When the media announced the passing of Steve Jobs, my twitter feed quickly filled with condolences from fans and admirers to the man they all revered as an icon. Hashtags like “#iSad” and “#thankyousteve” -- even a tiny graphic of the Apple logo -- choked the network’s stream with a flood of posts coming in at nearly 10,000 tweets per second.

Among the tributes were those from evangelical church leaders who I have come to know over the years, and who spend a lot of time keeping in touch with consumer culture. For them, the gospel involves a missionary imperative to reach people in their everyday lives. They actively orient their ministries to “connect” with rhythms of mainstream culture. It was no surprise that within an hour of the announcement, these pastors and parachurch leaders had also posted their own brief, solemn tributes.

Over time I have seen how Steve Jobs became the patron saint of non-denominational church leaders who value creativity, technology and persistent vision. Jobs accomplished what few are able to do: connect with everyday lives, enrich people's aesthetics with evidence of beauty, and offer tools for exercising personal gifts and talent. Jobs had a single-minded vision for the varied media he designed, making complicated technology supremely accessible and -- more importantly -- desirable. People wanted what he had to sell. He promoted his own genius while striving to bring out the genius of others. And his dedication to his vision was a testimony to unrelenting pursuit of promoting personal standards in the service of others.

Many years ago a church leader showed me a business card from an Apple employee; the job title simply read, “Evangelist.” The card was produced at the beginning of the tech-boom. Visionary entrepreneurs and venture capitalists were fueling a gaggle of start-ups, all attempting to re-craft the world by re-engineering software and hardware. The era of the microcomputer, combined with the ubiquity of the internet and the spread of the smartphone, stimulated adventurous ideas and aggressive experimentation with alternative forms of organization. Cubicles came down and flat organizations with intense dedication to design reigned. Companies like Apple lived on passion and sacrifice. Yes, finances were always in the picture (everything worthwhile needs capital). These companies were not intended, however, to be greed-enhancing money-machines, but prophetic attempts to make the world a better place.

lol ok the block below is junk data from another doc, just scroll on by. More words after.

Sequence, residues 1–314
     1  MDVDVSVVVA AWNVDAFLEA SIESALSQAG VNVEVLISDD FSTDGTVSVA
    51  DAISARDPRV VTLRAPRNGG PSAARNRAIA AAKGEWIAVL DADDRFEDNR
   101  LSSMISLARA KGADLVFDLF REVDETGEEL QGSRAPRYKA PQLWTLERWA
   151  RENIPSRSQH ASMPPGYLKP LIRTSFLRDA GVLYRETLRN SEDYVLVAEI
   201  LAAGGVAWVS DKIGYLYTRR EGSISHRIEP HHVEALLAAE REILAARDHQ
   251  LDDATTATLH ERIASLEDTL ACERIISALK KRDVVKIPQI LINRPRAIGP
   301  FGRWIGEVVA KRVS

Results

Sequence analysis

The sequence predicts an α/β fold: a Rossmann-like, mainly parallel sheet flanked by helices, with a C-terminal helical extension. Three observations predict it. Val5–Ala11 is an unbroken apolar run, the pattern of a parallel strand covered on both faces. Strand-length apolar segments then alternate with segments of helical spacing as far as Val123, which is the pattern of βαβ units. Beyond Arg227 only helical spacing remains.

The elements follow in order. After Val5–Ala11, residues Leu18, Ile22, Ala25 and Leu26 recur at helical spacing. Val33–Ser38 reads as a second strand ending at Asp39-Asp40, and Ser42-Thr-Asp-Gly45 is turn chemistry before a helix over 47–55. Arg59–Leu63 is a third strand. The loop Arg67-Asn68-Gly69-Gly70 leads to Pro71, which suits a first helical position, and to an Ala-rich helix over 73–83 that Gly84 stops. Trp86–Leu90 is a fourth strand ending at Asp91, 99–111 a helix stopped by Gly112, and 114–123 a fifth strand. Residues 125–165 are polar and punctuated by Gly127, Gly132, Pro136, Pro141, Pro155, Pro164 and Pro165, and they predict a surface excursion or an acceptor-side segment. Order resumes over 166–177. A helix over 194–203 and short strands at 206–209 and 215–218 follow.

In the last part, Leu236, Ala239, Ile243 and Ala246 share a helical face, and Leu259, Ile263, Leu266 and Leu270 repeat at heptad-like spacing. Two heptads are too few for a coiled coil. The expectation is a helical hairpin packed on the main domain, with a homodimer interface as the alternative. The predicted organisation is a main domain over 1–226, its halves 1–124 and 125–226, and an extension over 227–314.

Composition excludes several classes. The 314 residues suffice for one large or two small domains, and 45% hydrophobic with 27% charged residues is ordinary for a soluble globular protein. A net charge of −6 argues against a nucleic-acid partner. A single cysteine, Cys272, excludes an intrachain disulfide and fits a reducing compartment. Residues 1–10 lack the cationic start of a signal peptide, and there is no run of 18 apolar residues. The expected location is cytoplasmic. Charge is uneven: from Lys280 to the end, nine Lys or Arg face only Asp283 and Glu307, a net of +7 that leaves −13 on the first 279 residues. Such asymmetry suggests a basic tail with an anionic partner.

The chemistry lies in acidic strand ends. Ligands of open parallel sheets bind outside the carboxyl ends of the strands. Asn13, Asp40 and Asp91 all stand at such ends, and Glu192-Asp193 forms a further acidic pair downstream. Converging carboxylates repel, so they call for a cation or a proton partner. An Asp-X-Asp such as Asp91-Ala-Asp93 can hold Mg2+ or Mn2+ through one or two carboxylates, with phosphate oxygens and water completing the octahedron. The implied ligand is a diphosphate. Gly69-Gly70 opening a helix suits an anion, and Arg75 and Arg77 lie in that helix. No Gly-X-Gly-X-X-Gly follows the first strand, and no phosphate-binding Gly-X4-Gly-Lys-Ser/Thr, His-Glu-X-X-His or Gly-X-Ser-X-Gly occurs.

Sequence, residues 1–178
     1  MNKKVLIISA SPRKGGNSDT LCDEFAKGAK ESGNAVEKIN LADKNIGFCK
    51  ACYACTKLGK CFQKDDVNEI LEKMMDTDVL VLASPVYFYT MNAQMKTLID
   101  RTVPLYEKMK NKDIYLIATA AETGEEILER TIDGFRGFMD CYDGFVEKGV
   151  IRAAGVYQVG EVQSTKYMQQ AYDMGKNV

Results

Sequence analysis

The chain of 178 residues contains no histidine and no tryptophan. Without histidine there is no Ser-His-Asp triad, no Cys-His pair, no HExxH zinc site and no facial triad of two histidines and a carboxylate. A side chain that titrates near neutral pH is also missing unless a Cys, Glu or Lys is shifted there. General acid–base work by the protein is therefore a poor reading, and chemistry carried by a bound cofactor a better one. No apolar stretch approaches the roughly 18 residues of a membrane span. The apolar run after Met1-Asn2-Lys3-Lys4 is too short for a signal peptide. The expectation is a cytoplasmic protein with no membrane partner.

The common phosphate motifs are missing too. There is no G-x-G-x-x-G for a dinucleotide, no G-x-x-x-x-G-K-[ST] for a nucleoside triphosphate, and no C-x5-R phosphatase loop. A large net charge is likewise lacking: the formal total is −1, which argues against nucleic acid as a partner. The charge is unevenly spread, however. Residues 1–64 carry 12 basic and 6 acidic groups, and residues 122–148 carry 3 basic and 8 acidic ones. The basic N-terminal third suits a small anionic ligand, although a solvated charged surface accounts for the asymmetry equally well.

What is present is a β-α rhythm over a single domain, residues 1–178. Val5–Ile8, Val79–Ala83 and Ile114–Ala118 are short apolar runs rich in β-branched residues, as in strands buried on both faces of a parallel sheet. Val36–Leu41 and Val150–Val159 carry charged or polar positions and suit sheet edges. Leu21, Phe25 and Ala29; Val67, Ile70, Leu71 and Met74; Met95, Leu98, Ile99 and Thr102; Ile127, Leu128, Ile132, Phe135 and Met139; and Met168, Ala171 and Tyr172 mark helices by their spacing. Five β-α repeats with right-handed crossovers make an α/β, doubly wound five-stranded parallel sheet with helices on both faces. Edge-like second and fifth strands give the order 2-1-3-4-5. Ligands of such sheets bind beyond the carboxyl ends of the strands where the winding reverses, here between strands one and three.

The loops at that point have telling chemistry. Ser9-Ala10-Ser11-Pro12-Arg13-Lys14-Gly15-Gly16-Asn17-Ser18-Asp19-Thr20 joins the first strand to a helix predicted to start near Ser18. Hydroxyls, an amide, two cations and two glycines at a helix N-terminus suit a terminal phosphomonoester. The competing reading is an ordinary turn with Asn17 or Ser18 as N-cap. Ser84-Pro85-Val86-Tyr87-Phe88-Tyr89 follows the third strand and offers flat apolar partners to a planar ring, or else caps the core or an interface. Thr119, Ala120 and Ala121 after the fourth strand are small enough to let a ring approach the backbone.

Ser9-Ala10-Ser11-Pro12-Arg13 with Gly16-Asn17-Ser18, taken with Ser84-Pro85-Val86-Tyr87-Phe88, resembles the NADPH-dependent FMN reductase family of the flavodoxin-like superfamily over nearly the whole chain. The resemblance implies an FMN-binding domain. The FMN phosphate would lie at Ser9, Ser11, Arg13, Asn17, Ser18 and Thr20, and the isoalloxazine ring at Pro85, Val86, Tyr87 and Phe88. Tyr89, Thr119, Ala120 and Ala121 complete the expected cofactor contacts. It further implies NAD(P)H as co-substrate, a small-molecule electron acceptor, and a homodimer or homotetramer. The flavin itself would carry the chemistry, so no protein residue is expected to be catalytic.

So, Apple employed “evangelists” to promote its aesthetically-enriching products, and many evangelical leaders gobbled them up, embraced the values that emanated from them (“I'm up to date!” “Aesthetics matters!”), using them to keep in touch with parishioners through email, text, websites, and soon, Facebook and Twitter. They used Apple products to form whole spiritual environments through carefully crafted worship playlists, nicely designed sermon slides, and visually attractive visitor materials. With no secretaries, paid staff or established facilities, Apple products allowed risk-taking, entrepreneurial church planters to pack up their messenger bags and go into the field. The MacBook became a mobile office. The iPod a backup worship band. Any coffee shop, any rented facility, or even a modest living room could transform into a site for making the ministry “happen.”

Apple was not a religious company, and Steve Jobs was not a Christian. But Jobs and the company he created inspired and equipped much of the entrepreneurial work done by seminary students and starting pastors who took their passion and channeled it through the sophisticated, yet supremely handy tools available to them, tools that largely came from one man accountable to no one, but himself and his public.

Gerardo Marti is L. Richardson King Associate Professor of Sociology at Davidson College in Davidson, North Carolina, and is author of "Hollywood Faith: Holiness, Prosperity, and Ambition in a Los Angeles Church,"  "A Mosaic of Believers: Diversity and Innovation in a Multiethnic Church" and "Worship across the Racial Divide: Religious Music and the Multiracial Church" (forthcoming).